Sexual harassment on the job still carries large impact, study says

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Sexual harassment on the job still carries large impact, study says

Researchers have shown through a new study that though there has been near 30% decline in complaints related to sexual harassment at workplace, it is still a continuing, chronic occupational health problem in the workplace.

Researchers decided to carry out a review of a study published in a 1998 on sexual harassment in the Journal of Occupational Health Psychology. The University of Texas at Arlington researchers say that society and the workplace continue to struggle with the very definition of sexual harassment, which limits the ability to develop effective strategies in the workplace.

The team say that sexual harassment impacts the victim, the aggressor, bystanders, customers, suppliers and other stakeholders in terms of tarnished reputations and trust, disengaged employees, decreased commitment, turnover, depression, stress, eating and other health disorders and in extreme cases bodily harm, even death. They say that recent publicity regarding sexual harassment is a signal of the beginning of a revolutionary change in the workplace demanding a different type of training.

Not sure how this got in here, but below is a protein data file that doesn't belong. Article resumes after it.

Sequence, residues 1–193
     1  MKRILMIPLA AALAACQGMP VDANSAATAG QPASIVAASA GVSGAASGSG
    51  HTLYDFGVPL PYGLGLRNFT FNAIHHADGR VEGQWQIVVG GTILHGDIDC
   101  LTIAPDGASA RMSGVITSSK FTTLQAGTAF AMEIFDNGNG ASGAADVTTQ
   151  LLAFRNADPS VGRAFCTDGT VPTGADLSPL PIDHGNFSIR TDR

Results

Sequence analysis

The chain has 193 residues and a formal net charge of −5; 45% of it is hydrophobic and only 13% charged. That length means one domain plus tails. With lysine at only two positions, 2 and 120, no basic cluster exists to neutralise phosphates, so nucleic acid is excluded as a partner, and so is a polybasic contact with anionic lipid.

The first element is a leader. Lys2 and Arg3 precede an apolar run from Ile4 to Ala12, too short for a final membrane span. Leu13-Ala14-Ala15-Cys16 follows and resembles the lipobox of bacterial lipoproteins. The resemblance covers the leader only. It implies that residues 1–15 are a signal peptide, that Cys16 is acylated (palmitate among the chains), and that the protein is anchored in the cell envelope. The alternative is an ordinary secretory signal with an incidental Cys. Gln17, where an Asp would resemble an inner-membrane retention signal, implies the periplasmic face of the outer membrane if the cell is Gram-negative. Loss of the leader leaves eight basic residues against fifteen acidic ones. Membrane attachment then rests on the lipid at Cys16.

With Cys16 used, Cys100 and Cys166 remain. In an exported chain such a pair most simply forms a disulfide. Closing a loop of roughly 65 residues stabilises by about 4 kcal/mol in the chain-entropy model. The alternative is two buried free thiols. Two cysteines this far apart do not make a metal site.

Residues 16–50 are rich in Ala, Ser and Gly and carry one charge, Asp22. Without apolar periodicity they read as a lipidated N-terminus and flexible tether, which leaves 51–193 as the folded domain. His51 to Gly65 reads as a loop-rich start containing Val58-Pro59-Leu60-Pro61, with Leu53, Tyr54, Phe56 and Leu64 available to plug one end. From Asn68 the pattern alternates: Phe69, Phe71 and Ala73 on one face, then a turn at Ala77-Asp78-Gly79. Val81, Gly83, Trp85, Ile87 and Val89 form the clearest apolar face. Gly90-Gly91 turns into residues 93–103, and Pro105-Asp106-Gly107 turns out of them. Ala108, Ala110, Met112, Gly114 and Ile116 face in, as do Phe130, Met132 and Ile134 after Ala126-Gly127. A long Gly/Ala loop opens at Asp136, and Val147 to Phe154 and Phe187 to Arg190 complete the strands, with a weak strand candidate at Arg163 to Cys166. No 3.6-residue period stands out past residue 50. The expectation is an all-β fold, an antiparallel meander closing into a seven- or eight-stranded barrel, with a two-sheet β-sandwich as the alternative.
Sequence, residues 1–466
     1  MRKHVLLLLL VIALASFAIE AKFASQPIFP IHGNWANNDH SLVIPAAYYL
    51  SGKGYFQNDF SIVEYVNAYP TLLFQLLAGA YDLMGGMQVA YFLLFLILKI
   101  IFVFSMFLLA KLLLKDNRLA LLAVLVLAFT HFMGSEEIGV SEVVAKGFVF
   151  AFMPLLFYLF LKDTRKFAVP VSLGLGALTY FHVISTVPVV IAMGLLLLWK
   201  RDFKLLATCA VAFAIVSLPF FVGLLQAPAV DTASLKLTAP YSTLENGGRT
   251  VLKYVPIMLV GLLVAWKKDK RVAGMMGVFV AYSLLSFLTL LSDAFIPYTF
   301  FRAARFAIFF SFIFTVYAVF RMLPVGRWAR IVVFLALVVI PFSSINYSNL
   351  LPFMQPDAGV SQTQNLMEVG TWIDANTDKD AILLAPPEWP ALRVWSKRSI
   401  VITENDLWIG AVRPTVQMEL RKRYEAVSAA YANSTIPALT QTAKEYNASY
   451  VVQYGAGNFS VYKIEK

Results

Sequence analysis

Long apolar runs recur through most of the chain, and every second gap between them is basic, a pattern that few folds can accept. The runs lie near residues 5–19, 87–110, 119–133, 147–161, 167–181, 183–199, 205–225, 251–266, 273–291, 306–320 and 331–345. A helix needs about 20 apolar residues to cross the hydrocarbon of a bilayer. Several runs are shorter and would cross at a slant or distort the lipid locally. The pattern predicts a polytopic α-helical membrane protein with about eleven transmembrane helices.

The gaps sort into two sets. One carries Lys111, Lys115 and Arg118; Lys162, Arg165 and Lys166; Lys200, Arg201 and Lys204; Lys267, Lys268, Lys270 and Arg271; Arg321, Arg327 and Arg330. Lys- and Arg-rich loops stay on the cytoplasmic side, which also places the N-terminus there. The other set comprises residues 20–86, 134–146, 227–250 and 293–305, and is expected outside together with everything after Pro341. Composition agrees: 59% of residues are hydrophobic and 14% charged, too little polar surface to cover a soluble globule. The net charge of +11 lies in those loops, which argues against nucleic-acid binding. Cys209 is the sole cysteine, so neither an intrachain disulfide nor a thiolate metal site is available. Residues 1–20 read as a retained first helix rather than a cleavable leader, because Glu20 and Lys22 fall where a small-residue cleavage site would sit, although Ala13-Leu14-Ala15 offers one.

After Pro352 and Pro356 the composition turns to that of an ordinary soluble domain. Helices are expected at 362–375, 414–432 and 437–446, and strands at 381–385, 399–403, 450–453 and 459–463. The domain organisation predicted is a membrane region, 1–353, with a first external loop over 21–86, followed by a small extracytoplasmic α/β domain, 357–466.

Researchers believe that there is a real need from a public heath perspective to know more about the aggressors’ use of power in sexual harassment cases and that if the workplace is equipped with this information, surveillance indicators and systems can be put into place to address this preventable occupational health problem.

Organizations need to be proactive in establishing policies prohibiting sexual harassment, raising employee awareness, establishing reporting procedures and educating employees about these policies. Further research is needed to identify the antecedents to harassment that will help employees and managers identify and respond appropriately.

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